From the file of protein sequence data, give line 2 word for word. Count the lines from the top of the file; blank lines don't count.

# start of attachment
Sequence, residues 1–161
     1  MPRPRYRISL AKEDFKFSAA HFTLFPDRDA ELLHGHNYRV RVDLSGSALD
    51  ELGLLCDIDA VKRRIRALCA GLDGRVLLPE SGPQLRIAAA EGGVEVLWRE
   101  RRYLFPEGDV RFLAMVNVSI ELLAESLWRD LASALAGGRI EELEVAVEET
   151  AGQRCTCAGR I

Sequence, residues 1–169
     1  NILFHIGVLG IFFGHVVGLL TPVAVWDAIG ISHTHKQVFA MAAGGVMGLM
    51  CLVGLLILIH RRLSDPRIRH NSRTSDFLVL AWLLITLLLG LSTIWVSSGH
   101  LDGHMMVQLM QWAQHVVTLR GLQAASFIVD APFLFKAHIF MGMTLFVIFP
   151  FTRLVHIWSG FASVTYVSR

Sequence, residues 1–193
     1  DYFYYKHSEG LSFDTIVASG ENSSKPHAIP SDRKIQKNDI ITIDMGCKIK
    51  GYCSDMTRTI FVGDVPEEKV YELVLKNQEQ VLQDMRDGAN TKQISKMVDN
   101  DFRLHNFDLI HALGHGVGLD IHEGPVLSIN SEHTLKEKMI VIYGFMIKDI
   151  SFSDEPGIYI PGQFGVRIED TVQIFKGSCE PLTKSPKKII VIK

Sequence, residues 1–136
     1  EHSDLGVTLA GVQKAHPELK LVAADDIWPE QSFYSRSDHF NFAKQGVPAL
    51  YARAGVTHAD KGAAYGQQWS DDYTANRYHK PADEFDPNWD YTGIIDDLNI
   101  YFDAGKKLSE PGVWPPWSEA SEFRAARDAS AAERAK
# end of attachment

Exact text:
     1  MPRPRYRISL AKEDFKFSAA HFTLFPDRDA ELLHGHNYRV RVDLSGSALD